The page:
Commercial property values have gone up significantly in the Colemans Crossing area of Marysville, following an appeal filed by the city and its financial advisers.

Commercial property values have gone up significantly in the Colemans Crossing area of Marysville, following an appeal filed by the city and its financial advisers.

Following an appeal to the county auditor's board of revisions earlier this year, the overall commercial property value of the Colemans Crossing area has risen from about $29-million to $43.5-million.

City administrator Jillian Froment said a discrepancy in property values in that area was suspected about a year and a half ago when the city and school district became concerned that the district's TIF (tax increment financing) wasn't going to generate enough income to pay on the initial loan for infrastructure improvements to the area.

"For some general background, the Colemans Crossing TIF started with an agreement with a developer (Cincinnati-based Mike Dever) that came in and developed this area, and involved a $7-million investment in infrastructure, such as the roads, the original retention pond, and in turn we would place a TIF on the property and any increases in property taxes would flow into this TIF fund," Froment said. "Then the City Gate area was developed, and the TIF was expanded."

Froment said that the city took out loans for the infrastructure (a total of $12-million), with the developer holding the letter of credit. The city pays on the Colemans Crossing portion of the loan from the area's TIF fund, and is currently in the sixth year of the 30-year TIF.

"Everything was going pretty well, and then the economy slumped, bringing development to a standstill," Froment said. "We had been supporting enough from this area to support the interest, but hadn't paid any on the capital. We thought that would be okay, because we knew eventually this area would build out."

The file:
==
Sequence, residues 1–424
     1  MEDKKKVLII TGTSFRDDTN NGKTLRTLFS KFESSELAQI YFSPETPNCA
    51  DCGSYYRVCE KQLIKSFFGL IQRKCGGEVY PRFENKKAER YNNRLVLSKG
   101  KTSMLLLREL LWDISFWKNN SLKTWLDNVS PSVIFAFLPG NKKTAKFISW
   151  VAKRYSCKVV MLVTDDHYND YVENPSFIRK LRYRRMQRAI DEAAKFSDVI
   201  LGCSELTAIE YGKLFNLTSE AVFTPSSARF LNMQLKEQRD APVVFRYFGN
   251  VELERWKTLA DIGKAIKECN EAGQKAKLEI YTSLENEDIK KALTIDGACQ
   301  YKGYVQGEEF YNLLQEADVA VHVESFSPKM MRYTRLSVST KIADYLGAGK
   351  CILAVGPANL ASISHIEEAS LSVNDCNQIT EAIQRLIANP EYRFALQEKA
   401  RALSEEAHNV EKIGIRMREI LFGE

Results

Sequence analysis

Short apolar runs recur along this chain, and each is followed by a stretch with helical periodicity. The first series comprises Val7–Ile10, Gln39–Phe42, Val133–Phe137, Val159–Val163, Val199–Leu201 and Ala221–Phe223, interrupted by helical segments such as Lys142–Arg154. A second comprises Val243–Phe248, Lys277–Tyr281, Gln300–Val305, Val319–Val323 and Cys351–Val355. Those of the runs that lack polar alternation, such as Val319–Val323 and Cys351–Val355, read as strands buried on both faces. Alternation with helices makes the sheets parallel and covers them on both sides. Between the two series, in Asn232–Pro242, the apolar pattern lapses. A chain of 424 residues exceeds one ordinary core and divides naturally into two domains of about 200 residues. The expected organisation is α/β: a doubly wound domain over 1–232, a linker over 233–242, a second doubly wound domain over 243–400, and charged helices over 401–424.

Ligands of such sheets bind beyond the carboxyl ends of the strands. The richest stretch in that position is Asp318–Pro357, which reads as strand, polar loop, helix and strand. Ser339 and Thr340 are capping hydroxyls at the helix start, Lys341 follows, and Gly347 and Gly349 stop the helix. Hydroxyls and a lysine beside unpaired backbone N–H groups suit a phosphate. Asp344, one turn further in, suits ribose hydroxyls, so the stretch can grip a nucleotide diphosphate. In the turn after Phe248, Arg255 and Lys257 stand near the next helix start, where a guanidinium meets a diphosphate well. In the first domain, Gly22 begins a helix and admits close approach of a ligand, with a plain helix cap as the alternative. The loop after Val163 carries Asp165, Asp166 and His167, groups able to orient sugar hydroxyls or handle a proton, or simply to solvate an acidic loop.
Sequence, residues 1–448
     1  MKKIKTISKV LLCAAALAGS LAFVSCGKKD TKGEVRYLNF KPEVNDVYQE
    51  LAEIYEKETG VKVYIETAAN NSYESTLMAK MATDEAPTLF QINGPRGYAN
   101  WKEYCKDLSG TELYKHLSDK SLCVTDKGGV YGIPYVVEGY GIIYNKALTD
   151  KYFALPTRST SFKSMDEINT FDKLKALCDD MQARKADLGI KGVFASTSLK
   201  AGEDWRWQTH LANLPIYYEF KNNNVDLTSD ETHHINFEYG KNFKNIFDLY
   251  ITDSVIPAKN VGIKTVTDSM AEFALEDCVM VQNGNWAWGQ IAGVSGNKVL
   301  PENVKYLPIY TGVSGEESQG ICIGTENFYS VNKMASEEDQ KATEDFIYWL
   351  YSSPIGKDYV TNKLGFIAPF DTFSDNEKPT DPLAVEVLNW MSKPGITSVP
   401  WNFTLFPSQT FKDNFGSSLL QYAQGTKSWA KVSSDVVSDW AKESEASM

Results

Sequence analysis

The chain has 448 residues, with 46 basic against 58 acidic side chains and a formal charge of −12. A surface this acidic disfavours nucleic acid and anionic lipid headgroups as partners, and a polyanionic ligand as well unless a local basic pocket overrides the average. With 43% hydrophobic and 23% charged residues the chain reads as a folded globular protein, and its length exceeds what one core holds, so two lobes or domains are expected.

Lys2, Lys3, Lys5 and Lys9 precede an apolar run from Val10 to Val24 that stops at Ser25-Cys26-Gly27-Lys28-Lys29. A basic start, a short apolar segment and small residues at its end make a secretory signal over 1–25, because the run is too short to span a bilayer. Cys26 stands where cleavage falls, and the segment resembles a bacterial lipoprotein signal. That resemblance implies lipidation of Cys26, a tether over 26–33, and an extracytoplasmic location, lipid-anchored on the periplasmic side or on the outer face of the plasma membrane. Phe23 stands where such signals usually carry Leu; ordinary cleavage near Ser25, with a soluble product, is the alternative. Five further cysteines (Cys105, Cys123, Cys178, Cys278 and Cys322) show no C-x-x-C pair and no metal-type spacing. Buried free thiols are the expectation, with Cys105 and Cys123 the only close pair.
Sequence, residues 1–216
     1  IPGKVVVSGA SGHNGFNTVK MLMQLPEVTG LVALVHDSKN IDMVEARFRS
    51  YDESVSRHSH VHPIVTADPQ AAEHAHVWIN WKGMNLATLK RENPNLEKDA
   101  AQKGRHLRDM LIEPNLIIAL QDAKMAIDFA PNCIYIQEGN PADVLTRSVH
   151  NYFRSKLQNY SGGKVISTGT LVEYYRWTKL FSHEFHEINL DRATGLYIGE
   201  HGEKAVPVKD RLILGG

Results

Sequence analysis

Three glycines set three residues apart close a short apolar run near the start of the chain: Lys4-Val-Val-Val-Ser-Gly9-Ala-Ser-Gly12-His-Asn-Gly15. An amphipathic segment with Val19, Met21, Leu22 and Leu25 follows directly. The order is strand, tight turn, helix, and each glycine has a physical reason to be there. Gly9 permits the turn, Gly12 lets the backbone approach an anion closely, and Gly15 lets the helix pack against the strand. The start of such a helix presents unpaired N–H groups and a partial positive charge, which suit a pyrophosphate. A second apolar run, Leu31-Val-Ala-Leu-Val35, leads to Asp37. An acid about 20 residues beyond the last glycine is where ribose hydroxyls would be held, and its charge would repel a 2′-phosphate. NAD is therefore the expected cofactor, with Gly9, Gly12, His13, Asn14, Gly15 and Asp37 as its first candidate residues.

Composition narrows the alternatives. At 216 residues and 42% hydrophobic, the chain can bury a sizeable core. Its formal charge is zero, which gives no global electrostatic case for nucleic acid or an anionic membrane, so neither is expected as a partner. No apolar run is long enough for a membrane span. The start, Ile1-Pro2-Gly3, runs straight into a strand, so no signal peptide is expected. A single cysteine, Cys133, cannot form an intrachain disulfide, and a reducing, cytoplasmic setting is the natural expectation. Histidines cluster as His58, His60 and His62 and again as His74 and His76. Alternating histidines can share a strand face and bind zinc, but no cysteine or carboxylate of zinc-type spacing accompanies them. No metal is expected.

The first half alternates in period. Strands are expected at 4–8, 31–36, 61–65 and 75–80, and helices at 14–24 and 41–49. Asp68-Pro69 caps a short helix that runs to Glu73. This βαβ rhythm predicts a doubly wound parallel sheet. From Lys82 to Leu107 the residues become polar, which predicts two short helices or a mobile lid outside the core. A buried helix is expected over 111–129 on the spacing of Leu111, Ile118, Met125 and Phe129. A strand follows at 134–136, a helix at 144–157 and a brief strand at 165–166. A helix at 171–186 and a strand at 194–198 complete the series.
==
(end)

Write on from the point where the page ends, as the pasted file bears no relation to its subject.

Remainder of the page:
Froment said that about two years ago, Fifth Third Bank (which holds the letter of credit) "started getting nervous," as the payments for the loan were only addressing interest.

"They started seeing this as a greater and greater risk, so the letter of credit fees went up each year," she said.

When the interest on that letter of credit went from 1.25 to 3.5 percent, the city became concerned. "We didn't think we were going to generate even enough income to pay the interest," Froment said.

After discussing matters with developers and the school district, however, Froment said they began to see a discrepancy in area property values.

"We realized that this land over here (in the City Gate area) was valued at about $240,000 per acre, while over here (in the adjacent Colemans Crossing area), we were seeing values at about $10,000 to $25,000 per acre. Those values hadn't been re-evaluated."

Froment said the city filed an appeal through the county auditor's board of revisions in the spring, and had an appraisal of property in that area, not including residential properties.

"The value on the books was just over $29-million, and after going through the appeal process, that final value has gone up to $43-million," she said. "We've gone up almost $15-million, which we believe will set us on the right direction for paying down our principal and for dealing with the letter of credit."